The blockbuster trade that finally sent Aaron Rodgers from the Green Bay Packers to the New York Jets was made official on Wednesday — and Packers general manager Brian Gutekunst wished his former quarterback well.

“We are eternally grateful for all that Aaron gave the Packers the last 18 years,” said Gutekunst. “While he undoubtedly will be remembered as one of the best players in our franchise’s storied history for all his accomplishments on the field, it is his competitive greatness, leadership and toughness that make him such a special player and person.

The daily expectations he placed on himself and his teammates were instrumental in all that we accomplished during a special era of Packers football. We wish Aaron nothing but success and look forward to welcoming him back to Green Bay in the future and celebrating his induction into the Pro Football Hall of Fame.”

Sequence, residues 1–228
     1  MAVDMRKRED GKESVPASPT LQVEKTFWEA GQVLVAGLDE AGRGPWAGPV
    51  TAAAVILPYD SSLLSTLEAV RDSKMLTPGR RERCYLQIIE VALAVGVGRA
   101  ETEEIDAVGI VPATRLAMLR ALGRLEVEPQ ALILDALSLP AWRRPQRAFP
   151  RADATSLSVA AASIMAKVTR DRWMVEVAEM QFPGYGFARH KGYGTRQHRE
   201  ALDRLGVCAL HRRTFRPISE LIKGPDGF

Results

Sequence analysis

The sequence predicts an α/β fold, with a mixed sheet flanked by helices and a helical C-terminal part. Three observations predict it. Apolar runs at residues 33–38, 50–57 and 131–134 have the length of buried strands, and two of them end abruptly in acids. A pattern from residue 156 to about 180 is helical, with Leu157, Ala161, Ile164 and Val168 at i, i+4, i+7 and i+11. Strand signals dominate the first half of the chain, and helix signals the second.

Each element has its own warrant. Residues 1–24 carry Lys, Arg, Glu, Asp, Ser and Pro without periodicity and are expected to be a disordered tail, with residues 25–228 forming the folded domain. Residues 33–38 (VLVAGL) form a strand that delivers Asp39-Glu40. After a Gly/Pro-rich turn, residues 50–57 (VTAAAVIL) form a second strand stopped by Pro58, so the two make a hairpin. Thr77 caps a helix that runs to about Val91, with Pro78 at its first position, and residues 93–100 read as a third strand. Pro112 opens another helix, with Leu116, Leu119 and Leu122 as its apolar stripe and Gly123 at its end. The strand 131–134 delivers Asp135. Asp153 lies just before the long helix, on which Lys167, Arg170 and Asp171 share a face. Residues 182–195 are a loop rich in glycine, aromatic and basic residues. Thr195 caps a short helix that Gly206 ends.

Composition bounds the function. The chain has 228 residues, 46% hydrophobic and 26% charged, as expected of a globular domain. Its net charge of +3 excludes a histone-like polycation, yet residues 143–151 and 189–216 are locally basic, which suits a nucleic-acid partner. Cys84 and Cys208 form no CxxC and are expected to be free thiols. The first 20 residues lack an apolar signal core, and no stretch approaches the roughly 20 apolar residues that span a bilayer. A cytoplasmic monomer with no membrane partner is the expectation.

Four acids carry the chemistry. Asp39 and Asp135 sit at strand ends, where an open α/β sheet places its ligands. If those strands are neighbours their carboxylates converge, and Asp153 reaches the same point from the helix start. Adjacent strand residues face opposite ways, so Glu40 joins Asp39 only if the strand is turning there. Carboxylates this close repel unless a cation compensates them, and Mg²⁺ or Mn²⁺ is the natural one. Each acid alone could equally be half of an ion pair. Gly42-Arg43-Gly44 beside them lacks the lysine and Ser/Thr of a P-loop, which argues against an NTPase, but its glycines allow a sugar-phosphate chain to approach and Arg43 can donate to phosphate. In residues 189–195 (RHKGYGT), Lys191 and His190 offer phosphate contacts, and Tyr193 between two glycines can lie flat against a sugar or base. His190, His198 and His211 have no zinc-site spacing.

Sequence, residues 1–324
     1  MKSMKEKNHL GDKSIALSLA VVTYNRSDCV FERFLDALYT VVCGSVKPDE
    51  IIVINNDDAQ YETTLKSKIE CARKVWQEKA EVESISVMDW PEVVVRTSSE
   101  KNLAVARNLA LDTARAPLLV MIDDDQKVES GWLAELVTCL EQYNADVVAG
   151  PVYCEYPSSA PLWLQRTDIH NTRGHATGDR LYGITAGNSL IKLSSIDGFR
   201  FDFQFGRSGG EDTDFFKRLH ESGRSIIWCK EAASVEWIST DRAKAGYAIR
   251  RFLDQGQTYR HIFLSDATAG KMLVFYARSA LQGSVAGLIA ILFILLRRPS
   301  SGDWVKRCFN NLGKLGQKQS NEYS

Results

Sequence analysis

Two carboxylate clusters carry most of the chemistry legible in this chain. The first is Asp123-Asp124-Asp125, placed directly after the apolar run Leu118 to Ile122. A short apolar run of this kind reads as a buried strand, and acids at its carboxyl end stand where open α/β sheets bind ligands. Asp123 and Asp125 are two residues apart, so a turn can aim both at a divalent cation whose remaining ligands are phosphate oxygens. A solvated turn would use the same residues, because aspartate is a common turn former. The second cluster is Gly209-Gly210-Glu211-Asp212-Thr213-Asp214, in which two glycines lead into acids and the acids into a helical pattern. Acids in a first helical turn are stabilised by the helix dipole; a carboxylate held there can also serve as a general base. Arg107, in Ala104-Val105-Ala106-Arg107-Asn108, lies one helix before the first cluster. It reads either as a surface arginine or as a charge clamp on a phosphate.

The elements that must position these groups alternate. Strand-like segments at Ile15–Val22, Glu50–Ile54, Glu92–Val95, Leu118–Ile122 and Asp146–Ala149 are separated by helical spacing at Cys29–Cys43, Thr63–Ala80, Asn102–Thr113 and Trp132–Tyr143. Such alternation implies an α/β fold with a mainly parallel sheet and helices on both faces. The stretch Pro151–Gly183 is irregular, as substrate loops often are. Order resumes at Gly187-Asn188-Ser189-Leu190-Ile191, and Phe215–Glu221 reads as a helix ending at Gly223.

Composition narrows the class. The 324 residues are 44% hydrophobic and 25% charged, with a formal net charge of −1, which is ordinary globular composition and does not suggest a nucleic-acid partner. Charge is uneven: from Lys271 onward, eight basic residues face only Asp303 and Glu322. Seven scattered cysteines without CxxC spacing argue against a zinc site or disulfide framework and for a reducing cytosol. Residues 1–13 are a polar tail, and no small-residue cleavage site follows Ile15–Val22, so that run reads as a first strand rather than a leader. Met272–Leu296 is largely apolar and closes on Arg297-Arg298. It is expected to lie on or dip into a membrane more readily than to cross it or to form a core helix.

It’s a nice sendoff for the quarterback who led Green Bay for 18 seasons, but also interesting after it was made clear that Rodgers and Gutekunst hadn’t spoken since the end of the Packers’ season.

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The team made the trade official in a release on Wednesday, stating that Rodgers had been traded to the Jets along with a first-round pick and a fifth-round choice in 2023, in exchange for a first-round first-round selection (No. 13), a second-round pick (No. 42) and a sixth-round selection (No. 207) in 2023 and a conditional second-round choice in 2024.

Packers president and CEO Mark Murphy and head coach Matt LaFleur made heartfelt statements along with Gutekunst, calling Rodgers “the leader of our team through his impact on the field, in the locker room and in the community,” and stating that “he will always be a great representative of what it means to be a Green Bay Packer.”

They also expressed the team’s desire to welcome him back to Green Bay to both retire his No. 12 and celebrate his induction into the Packers Hall of Fame.

Although the relationship between Aaron Rodgers and Brian Gutekunst clearly became rocky towards the end, it’s nice to see the gesture of respect shown from the general manager to the leader of the team for nearly two decades.